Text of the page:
If it takes looking through three pages of results to find what I wanted, Google has failed me. I know I am expecting Google to be psychic–essentially to understand what I want even when I have a hard time explaining it–but with all Google knows about me, it doesn’t seem like an unreasonable request.

Maybe Google will meet this challenge. Maybe it will be Microsoft. The betting favors Google, but you never know what will happen. The Netflix prizewinners are examples of what can be done to match users with improved search results.

Bing is wise to follow its current course. It will probably never challenge Google in overall numbers, but it could easily find a place in the market as the search engine that does specific things better than Google and generates traffic as a result.

It is too early to judge Bing’s success or failure. Its share drop was to be expected. Its progress will be slow. But, it is still a player and should Microsoft’s R&D create a breakthrough, Bing will be there to launch it.

David Coursey tweets as @techinciter and can be contacted via his Web page.

Yahoo to Shorten Logs of User Activity to Three Months

Computers, Internet, Tech, web 2.0, Yahoo

what-a-dayWASHINGTON (AP) – Yahoo Inc. (YHOO) (YHOO) said Wednesday that it will shorten the amount of time that it retains data about its users’ online behavior – including Internet search records – to three months from 13 months and expand the range of data that it “anonymizes” after that period.

The company’s new privacy policy comes amid mounting concerns among regulators and lawmakers from Washington to Europe about how much data big Internet companies are collecting on their users and how that information is being used. Yahoo’s announcement also ratchets up the pressure on rivals Google Inc. (GOOG) (GOOG) and Microsoft Corp. (MSFT) (MSFT) to follow its lead.

In September, Google said it would “anonymize,” or mask, the numeric Internet Protocol (IP) addresses on its server logs after nine months, down from a previous retention period of 18 months. And Microsoft, which currently keeps user data for 18 months, said last week it would support an industry standard of six months.

Under Yahoo’s new policy, the company will strip out portions of users’ IP addresses, alter small tracking files known as “cookies” and delete other potential personally identifiable information after 90 days in most cases. In cases involving fraud and data security, the company will anonymize the data after six months.

Sunnyvale, Calif.-based Yahoo also said it will expand the scope of data that it anonymizes to encompass not only search engine logs, but also page views, page clicks, ad views and ad clicks. That information is used to personalize online content and advertising.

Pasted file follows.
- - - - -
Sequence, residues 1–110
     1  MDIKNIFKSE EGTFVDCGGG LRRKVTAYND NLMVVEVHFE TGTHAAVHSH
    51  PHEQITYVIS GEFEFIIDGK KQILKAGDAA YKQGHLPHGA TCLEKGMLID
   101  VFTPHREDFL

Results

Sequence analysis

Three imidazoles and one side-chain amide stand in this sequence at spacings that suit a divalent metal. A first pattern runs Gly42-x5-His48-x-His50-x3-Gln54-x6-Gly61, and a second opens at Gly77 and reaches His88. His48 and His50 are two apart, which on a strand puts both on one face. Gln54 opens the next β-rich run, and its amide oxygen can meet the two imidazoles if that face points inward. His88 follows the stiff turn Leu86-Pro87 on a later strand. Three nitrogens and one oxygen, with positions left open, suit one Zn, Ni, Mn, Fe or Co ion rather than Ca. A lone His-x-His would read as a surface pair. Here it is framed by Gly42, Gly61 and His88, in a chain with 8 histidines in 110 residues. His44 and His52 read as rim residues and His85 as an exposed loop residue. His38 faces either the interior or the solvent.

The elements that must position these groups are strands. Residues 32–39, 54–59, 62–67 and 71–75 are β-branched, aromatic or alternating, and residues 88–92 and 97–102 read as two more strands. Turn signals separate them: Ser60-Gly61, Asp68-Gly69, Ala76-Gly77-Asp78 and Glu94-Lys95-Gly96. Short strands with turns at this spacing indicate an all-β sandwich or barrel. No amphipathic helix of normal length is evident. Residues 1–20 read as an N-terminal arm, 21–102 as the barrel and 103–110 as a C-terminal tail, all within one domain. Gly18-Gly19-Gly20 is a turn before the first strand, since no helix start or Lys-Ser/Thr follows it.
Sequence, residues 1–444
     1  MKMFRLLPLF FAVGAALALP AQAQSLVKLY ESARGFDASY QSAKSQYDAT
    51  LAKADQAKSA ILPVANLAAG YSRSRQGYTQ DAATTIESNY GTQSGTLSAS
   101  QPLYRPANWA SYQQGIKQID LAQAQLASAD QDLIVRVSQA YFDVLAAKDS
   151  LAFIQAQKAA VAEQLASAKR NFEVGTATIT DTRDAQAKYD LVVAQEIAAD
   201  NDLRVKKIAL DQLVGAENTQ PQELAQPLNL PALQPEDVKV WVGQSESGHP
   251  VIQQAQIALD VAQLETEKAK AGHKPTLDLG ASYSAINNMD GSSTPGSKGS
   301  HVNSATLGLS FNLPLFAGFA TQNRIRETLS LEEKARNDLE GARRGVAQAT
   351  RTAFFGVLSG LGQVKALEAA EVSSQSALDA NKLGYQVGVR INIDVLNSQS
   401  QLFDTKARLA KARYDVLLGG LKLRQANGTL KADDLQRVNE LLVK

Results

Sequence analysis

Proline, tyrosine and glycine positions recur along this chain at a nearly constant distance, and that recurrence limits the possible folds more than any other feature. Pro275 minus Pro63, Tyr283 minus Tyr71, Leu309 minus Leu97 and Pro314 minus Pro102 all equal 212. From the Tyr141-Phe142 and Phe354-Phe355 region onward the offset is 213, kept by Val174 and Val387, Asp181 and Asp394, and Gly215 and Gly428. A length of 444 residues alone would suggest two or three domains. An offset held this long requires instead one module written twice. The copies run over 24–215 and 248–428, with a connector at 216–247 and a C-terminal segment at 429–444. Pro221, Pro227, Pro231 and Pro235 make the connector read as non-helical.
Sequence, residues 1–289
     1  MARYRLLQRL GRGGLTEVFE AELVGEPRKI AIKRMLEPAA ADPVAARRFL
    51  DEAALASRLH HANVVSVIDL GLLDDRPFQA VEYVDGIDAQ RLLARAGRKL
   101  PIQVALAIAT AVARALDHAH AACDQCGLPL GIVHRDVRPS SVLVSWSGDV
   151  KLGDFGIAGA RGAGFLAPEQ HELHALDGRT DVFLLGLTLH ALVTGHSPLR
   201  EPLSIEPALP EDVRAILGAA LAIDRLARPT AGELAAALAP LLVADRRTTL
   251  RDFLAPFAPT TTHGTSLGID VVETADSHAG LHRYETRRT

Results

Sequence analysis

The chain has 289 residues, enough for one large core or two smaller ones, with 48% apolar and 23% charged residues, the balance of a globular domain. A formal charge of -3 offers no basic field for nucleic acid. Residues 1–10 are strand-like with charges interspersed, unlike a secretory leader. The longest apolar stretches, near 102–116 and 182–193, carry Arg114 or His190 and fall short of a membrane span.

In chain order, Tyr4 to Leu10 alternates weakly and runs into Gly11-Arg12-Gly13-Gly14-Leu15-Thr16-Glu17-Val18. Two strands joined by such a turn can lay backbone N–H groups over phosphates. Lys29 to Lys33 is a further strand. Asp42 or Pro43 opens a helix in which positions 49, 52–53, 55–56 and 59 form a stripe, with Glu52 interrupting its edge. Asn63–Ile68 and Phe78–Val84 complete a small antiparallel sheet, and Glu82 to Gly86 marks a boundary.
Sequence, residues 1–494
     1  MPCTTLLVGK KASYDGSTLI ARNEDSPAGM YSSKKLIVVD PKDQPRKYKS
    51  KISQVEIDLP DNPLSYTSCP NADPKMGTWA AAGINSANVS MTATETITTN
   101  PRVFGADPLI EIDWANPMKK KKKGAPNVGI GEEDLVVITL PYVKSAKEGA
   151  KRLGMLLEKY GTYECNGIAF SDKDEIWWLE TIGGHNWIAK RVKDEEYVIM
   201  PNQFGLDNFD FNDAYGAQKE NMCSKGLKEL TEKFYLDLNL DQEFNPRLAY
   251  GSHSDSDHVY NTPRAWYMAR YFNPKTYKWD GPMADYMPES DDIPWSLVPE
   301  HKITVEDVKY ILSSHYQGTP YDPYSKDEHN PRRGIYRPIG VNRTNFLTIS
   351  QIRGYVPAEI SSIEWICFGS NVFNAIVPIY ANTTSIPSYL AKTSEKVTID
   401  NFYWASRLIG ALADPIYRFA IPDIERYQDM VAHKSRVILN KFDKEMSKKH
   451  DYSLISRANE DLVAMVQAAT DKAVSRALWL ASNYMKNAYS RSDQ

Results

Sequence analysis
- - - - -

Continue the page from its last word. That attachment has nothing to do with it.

Yahoo will begin implementing the new policy next month and says it will be effective across all the company’s services by mid-2010.

Anne Toth, vice president of policy and head of privacy for Yahoo, said the company is adopting the new policy to build trust with users and differentiate it from its competitors. Yahoo also hopes to take the issue of data retention “off the table” by showing that Internet companies can regulate themselves, Toth said.

European Union regulators have pressured Yahoo, Google and Microsoft over the past year to shorten the amount of time that they hold onto user data. And Congress has begun asking questions about the extent to which Internet and telecommunications companies track where their users go online and use that information to target personalized advertising.

Edward Markey, D-Mass., chairman of the House Energy and Commerce Subcommittee on Telecommunications and the Internet, praised Yahoo for setting a new standard on privacy protection and said Google, Microsoft and other companies will now be compared against that standard.

Ari Schwartz, vice president of the Center for Democracy & Technology, a civil liberties group, agreed that Yahoo’s new policy is “step in the right direction.” He added, however, that he would like to see more clarity – and more standardization – from the industry about what it does with Internet users’ data. He noted, for instance, that while some companies delete full IP addresses, other delete only parts of IP addresses or simply encrypt them.